Most social scientists are familiar with large-scale multi-country public opinion surveys like the World Values Survey or the Asian Barometer Survey. A less-known, yet equally rigorous survey is the Afrobarometer, which is coordinated by Centre for Social Science Research at the University of Cape Town in South Africa. The Afrobarometer has been gathering incredibly useful data in dozens of African countries since 1999, when the first round of the survey was conducted. Just recently I came across data from round 6, which was collected in 37 countries between 2014 and 2015. To my (pleasant) surprise, the questionnaire of this latest round includes a whole section on attitudes towards China. Because similar continental data is so hard to come by, this dataset is incredibly precious to help us understand Africa-China encounters. Afrobarometer has put together an informative and descriptive report on the findings. I wanted to dig a bit deeper into the data and I have been exploring ways to visualize some of the results. This is the first in a series of posts using Afrobarometer data.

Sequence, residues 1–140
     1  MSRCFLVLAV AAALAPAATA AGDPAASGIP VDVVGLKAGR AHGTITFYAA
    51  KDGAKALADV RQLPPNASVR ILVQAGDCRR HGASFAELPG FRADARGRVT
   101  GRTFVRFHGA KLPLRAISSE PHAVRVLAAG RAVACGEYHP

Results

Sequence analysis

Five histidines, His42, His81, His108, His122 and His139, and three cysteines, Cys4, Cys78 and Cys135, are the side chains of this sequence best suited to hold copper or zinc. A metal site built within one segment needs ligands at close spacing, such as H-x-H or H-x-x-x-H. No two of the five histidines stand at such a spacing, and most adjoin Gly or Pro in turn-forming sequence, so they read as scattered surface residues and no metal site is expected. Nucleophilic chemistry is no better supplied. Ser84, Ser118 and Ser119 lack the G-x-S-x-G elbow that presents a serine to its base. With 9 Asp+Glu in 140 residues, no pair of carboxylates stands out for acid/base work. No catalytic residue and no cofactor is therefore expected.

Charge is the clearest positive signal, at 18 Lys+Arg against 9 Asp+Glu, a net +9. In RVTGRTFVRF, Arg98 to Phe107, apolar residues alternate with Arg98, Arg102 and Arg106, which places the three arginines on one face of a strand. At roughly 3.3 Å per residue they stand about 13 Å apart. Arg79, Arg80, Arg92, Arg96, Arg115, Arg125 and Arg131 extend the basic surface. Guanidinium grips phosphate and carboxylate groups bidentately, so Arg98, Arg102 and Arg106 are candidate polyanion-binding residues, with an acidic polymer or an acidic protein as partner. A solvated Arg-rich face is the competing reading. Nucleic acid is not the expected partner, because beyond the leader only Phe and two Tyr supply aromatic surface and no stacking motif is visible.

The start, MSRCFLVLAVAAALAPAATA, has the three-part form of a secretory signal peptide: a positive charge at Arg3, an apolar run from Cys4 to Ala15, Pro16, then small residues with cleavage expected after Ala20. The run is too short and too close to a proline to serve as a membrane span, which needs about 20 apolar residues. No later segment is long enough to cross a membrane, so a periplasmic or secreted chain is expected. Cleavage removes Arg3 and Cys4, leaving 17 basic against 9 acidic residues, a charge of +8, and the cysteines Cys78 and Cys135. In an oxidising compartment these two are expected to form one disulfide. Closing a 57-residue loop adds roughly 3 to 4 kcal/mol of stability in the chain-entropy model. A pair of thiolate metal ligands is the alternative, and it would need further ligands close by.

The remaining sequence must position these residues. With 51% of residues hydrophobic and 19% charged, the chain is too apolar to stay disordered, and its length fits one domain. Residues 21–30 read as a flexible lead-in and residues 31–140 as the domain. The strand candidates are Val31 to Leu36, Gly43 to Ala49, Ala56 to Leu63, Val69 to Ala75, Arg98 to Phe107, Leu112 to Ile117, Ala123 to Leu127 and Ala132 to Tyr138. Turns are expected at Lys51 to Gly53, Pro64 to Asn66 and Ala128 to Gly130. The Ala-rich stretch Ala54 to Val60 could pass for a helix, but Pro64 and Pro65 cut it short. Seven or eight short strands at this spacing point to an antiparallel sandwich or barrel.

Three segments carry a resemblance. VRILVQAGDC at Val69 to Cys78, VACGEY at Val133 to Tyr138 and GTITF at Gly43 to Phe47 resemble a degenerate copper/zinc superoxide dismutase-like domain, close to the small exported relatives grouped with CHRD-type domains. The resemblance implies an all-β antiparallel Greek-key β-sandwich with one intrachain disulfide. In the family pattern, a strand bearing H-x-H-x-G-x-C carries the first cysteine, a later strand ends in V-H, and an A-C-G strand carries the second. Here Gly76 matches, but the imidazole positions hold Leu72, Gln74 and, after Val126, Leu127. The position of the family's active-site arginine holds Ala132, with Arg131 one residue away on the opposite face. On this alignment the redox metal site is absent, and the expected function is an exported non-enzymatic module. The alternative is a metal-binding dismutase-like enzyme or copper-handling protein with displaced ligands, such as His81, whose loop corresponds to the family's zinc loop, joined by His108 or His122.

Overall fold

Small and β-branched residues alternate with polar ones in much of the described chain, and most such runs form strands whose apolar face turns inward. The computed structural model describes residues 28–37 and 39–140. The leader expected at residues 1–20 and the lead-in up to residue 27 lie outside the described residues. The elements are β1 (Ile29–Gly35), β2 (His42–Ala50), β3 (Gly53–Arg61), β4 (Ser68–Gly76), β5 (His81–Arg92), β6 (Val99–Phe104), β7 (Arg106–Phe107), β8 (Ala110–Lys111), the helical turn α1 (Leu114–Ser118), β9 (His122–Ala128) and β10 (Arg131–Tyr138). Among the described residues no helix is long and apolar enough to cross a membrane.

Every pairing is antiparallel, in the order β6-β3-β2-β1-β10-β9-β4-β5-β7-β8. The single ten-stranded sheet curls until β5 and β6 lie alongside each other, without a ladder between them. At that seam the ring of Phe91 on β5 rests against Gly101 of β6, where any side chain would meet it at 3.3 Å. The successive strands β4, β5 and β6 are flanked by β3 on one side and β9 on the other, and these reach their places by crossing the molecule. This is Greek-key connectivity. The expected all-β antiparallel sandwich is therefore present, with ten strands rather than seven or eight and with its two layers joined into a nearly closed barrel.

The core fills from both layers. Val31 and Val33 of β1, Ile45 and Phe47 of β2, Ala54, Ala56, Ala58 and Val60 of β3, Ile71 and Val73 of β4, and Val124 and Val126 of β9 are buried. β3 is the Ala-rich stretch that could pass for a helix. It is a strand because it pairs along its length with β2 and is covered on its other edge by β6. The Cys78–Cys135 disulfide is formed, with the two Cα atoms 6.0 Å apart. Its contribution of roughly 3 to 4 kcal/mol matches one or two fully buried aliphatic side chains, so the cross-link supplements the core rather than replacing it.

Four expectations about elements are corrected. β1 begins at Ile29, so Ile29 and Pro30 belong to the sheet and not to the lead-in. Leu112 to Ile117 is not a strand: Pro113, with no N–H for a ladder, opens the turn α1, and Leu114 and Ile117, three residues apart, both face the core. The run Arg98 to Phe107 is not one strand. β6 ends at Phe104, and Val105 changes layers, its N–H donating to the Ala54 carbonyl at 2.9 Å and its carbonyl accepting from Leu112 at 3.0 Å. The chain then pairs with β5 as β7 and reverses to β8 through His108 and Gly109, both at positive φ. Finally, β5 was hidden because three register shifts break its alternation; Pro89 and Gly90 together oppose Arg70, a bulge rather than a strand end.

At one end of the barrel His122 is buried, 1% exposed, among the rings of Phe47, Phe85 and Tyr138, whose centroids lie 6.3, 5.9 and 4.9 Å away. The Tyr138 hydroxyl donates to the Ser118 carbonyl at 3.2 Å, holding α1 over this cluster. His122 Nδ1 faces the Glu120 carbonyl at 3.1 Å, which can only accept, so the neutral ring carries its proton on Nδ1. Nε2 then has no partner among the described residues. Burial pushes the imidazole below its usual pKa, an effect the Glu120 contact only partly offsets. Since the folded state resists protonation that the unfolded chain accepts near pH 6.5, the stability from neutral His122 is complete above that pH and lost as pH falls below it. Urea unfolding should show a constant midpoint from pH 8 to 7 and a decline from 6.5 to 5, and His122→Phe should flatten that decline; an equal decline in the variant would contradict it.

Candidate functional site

West African countries have a more positive image of China
The first interesting finding that comes out of the survey is that the vast majority of those surveyed think that China's influence in their country is either somewhat positive or very positive. These results are aligned with those of the yearly BBC/Globescan survey on global attitudes towards foreign countries. BBC's poll only includes three African countries (Ghana, Nigeria and Kenya), but the results are similar.
Very weak relationship between Chinese FDI and positive images of China
Data from the Afrobarometer is free to use, but it is protected by copyright. I do not own any of the data used for the visualisations above. If you want to know more about the excellent work done by the Afrobarometer, please visit their website: http://www.afrobarometer.org.